5 Interesting Facts About the Grey Wolf

5 Interesting Facts About the Grey Wolf

  • Image: Chris Muiden

    An elongated snout, sharp teeth, thick fur, long legs, narrow chests, pliable paws and an expressive furry tail altogether make up a ‘Grey Wolf’. It is known as the largest wild member of the canine family. Designed to hunt for meat, the Grey Wolf spends most of its time roaming tirelessly in search of large prey. Let us learn some interesting facts about this distant relative of the domestic dog.

  • Image: Todd Ryburn

    1. The Grey Wolf (Canis Lupus) is a mammal and has common ancestors with dogs. Grey wolves are mostly found in cold countries. Their bulky, wooly fur protects them from cold weather.

  • Image: Margo-CzW

    2. Grey wolves stand from 0.6 to 0.9 meters tall and weigh about 25 to 65 kg. Like all other wild animals, they rely on their senses. The wolves use these senses to hunt and communicate with other wolves. They can hear another wolf howling from at least 3 to 4 miles away. Their sense of smell is 100 times keener than a human’s.

  • Image: Wisconsin Department of Natural Resources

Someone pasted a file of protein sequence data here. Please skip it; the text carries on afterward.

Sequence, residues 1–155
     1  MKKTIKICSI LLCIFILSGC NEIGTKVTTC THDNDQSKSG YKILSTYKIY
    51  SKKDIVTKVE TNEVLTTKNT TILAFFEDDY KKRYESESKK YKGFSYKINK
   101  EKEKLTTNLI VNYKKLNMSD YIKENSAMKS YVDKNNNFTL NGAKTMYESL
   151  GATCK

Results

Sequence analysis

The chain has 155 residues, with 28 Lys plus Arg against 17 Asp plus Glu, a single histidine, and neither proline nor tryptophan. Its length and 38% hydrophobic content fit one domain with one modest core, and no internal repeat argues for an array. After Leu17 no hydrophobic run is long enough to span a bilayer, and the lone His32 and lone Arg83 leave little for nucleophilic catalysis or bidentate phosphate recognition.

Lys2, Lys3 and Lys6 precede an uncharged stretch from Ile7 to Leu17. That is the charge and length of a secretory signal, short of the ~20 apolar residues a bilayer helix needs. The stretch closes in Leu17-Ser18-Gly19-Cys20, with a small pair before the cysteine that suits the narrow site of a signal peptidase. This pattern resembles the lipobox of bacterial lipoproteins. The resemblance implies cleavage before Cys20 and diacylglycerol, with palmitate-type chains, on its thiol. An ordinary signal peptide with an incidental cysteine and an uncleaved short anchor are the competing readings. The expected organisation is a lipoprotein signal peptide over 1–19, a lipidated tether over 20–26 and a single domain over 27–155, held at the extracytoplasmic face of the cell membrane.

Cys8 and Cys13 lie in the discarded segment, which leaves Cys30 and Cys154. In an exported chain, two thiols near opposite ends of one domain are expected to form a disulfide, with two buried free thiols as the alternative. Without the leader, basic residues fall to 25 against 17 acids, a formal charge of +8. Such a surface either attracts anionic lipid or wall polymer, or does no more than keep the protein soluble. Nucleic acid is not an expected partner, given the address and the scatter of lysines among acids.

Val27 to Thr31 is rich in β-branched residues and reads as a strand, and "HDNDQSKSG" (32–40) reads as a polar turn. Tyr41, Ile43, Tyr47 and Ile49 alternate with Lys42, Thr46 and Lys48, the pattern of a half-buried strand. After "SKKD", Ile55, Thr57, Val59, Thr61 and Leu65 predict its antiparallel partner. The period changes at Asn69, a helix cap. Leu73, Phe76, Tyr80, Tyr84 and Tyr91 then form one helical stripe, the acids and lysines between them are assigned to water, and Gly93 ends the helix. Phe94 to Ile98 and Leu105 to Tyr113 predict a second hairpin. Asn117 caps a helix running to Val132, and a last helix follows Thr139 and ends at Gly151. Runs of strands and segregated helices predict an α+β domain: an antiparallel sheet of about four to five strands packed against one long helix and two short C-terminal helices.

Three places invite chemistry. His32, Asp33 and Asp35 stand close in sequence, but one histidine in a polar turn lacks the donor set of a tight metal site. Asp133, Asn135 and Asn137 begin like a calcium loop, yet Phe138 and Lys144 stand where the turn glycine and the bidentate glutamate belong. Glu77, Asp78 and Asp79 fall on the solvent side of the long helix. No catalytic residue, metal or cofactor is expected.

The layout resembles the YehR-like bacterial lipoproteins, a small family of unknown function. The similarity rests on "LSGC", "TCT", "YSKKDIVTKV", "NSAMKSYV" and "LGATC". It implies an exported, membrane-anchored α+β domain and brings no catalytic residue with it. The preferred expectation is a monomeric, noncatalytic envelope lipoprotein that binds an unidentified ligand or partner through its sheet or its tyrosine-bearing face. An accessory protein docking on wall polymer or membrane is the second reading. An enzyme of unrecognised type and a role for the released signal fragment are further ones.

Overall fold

3. Capable of running about 35 to 40 miles per hour, the Grey Wolf’s paws provide support in the snow. Grey wolves raise their heads only when alert, and usually carry their heads at the same level as their backs. This meat-eating animal could eat almost anything – from deer, rabbits and rodents to elk, yak, moose and sheep.

  • Image: Derek Bakken

    4. The Grey Wolf is a social animal. Irrespective of the number of members in one group, wolves will stay together. The group is known as the pack and is ruled by a powerful male wolf. Interestingly, the wolves hunt together, play together and even howl together. Overall, the pack is strongly hierarchically organized.

  • Image: Steve Jurvetson

    5. Another significant fact is that the wolves are basically color blind, and their pups are born deaf and blind. They begin to see only after 9 to 12 days. With a fast growth rate, these pups’ weight will increase nearly 30 times in their first four months.

  • Image: Retron

    Wolves are not yet thought to be at risk of extinction, but their local population is still threatened. Not only are they hunted but they are also gaining popularity as pets. Their hunting should be restricted and we should also try not to damage their habitat, in order to safeguard their future.

    Source: 1

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Alka Sharma
Alka Sharma
Scribol Staff